This morning I saw this article on the BBC News site where Kodak is set to exit the camera film and photo paper business. As a longtime photographer, I felt a sense of sadness about it.

My love of photography started early for me. I was a member of a local Girl Scout troop when I thumbed through a handbook listing all the badges that a Girl Scout could possibly earn. While we worked on some badges together as a troop, our troop leader encouraged us to obtain some badges on our own. After mulling over the numerous bages, I saw one called My Camera badge. I really liked the badge design and I also liked the required assignments in order to obtain that badge.

Soon afterwards I convinced my parents to buy me a camera so I could work on obtaining the My Camera badge and they got me a Kodak Pocket Instamatic camera. It took 110 film and it was slim enough to fit in your pocket. If you needed to take indoor pictures, you added a flash extender then a Magicube so you can take flash photography. It even came with little stickers so you could customize your camera to your liking. To give you a better idea of what this camera was like, here’s a 1971 commercial featuring Dick Van Dyke.

With my new camera I was able to finish the required assignments and I ultimately earned that badge. I continued to use that camera, as well as other Kodak cameras when my first camera wore out, whenever I went on trips or to family events. I eventually became known as the photographer of the family.

I switched to 35 mm photography when I took a photojournalism class at the University of Maryland and I purchased a Pentax MX camera. I continued to use Kodak film and I also used Kodak papers whenever I had to manually develop my own film as part of that course. After that class ended, I continued to use my Pentax MX camera with Kodak film for many years afterwards.

When my sister-in-law moved to Rochester to live with her then-husband (a Rochester native), I felt like I had the opportunity to visit the Mecca of photography. During the years she lived in Rochester, my husband and I drove by Kodak headquarters and we also toured the onetime home of Kodak’s founder that’s now known as the George Eastman House.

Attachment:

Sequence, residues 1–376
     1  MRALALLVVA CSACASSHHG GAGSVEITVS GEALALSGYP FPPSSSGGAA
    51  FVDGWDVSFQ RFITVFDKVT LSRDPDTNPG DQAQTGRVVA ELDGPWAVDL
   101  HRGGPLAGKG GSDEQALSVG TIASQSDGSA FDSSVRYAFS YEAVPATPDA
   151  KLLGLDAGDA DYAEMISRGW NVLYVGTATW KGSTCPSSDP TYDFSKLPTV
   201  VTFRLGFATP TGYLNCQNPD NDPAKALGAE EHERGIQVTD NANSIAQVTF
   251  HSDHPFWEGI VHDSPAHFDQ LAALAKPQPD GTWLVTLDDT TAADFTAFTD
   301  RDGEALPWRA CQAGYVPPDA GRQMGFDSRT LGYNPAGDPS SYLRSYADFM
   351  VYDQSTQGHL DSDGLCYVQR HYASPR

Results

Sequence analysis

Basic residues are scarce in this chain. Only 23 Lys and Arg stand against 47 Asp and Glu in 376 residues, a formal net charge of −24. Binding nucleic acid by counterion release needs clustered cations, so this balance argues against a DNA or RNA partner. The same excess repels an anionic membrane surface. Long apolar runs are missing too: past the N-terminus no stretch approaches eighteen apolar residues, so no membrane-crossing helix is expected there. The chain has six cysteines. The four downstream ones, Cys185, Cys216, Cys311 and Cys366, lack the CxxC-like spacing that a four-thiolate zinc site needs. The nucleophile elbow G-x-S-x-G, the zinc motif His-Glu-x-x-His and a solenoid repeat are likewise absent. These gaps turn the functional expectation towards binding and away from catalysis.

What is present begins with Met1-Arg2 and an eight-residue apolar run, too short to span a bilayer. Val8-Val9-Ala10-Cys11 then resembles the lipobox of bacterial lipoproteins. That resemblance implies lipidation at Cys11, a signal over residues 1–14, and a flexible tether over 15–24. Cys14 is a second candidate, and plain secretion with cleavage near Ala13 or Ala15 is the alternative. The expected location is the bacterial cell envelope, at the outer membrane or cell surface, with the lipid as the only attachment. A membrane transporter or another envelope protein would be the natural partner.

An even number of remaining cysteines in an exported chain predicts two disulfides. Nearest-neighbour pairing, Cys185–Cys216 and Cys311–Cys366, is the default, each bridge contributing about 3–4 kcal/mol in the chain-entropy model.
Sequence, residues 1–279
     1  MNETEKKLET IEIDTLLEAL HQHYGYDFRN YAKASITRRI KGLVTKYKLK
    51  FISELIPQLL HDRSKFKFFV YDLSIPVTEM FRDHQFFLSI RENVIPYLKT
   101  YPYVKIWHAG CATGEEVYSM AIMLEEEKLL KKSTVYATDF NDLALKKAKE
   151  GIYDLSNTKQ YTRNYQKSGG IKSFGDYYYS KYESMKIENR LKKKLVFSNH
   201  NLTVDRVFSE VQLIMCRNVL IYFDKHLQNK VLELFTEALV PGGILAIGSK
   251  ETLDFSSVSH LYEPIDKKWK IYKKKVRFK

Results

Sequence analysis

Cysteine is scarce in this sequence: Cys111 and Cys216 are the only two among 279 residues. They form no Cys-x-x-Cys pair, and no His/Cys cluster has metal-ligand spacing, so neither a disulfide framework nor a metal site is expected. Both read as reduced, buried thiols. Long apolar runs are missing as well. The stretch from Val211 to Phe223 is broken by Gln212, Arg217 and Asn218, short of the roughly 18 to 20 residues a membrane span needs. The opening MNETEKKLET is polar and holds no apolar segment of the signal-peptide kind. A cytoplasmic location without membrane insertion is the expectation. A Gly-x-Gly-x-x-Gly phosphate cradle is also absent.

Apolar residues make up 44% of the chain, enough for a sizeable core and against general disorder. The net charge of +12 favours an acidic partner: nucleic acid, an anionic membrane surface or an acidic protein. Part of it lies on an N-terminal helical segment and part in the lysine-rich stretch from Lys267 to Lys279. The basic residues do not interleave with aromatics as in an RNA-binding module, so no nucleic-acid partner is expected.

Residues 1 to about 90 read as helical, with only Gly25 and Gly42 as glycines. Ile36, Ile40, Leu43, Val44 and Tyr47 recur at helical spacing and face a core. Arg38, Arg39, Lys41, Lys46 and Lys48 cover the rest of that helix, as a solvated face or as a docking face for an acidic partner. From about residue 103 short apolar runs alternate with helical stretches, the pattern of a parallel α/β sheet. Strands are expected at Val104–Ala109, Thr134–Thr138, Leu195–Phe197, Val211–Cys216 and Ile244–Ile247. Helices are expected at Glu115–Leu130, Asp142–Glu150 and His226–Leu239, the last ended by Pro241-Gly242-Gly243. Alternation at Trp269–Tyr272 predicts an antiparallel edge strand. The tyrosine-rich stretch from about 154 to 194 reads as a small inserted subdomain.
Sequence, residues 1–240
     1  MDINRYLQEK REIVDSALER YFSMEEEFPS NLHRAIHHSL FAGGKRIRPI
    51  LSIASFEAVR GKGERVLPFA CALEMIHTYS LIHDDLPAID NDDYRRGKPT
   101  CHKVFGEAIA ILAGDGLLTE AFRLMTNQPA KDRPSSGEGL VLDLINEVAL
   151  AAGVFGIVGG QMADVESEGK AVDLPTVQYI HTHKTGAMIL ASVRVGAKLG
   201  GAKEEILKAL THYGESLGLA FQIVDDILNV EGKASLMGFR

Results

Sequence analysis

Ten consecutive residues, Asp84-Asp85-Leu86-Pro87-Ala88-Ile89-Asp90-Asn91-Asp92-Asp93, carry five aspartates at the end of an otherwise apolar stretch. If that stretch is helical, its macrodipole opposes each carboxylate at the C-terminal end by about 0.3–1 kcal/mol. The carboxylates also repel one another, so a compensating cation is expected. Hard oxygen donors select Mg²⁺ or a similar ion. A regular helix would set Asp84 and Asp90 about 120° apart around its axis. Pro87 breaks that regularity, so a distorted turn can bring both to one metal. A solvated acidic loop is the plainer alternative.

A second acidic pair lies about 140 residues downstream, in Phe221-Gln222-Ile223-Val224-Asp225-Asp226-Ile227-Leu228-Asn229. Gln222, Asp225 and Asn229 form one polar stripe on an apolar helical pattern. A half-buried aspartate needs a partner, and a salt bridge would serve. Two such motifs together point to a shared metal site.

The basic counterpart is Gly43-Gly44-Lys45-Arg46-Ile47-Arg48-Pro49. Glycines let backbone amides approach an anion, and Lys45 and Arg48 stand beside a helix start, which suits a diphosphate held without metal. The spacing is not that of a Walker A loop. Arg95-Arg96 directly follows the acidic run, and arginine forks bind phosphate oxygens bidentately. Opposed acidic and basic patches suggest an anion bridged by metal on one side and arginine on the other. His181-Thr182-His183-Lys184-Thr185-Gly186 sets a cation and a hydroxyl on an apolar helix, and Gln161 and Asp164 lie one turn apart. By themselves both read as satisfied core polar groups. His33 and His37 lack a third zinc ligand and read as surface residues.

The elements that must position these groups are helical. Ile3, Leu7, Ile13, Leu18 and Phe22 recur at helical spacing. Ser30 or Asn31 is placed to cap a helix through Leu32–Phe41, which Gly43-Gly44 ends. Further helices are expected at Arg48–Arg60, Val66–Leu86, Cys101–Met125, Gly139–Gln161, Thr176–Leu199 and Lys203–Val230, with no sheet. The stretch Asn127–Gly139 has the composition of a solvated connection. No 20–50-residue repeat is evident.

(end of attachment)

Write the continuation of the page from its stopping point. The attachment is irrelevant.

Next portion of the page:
But during her years in Rochester there were signs that Kodak’s prime had passed. For years both Kodak and Xerox were the main providers of jobs for the locals in Rochester. (In fact, the mother of my sister-in-law’s then-husband had worked at Kodak for a number of years and she retired with a generous pension that she enjoyed until her death a few years ago.) Both companies started to slow down their hiring in the 1980’s as they outsourced jobs overseas and, like too many corporations in the United States, they started to focus more on short-term profits for their shareholders on Wall Street instead of providing paying jobs for average folks or making quality products that consumers wanted to purchase. I could easily devote more paragraphs on how much my sister-in-law and her ex-husband struggled to find decent paying jobs and they ultimately ended up moving from Rochester in order to find employment.

Despite all that, I continued to use Kodak film until one day when the shutter broke on my Pentax MX camera. I attempted to have it fixed (like I did previous times when the shutter broke) only to discover that Pentax had long since discontinued its support of the MX and no longer made any parts for it. (I still remember when the person at the camera repair place bluntly told me “You have an old camera.” By that time I had that camera for 15 years.)

By that point digital photography was making inroads so I switched to a digital camera and I haven’t looked back to film photography since. I’ll admit that I haven’t touched a Kodak product in years, except for buying the occasional pack of Kodak printer paper that happened to be on sale. But it’s still pretty sad to see an old and one-time innovative company starting to sell off its assets. Only time will tell whether it will be enough to keep Kodak afloat or not.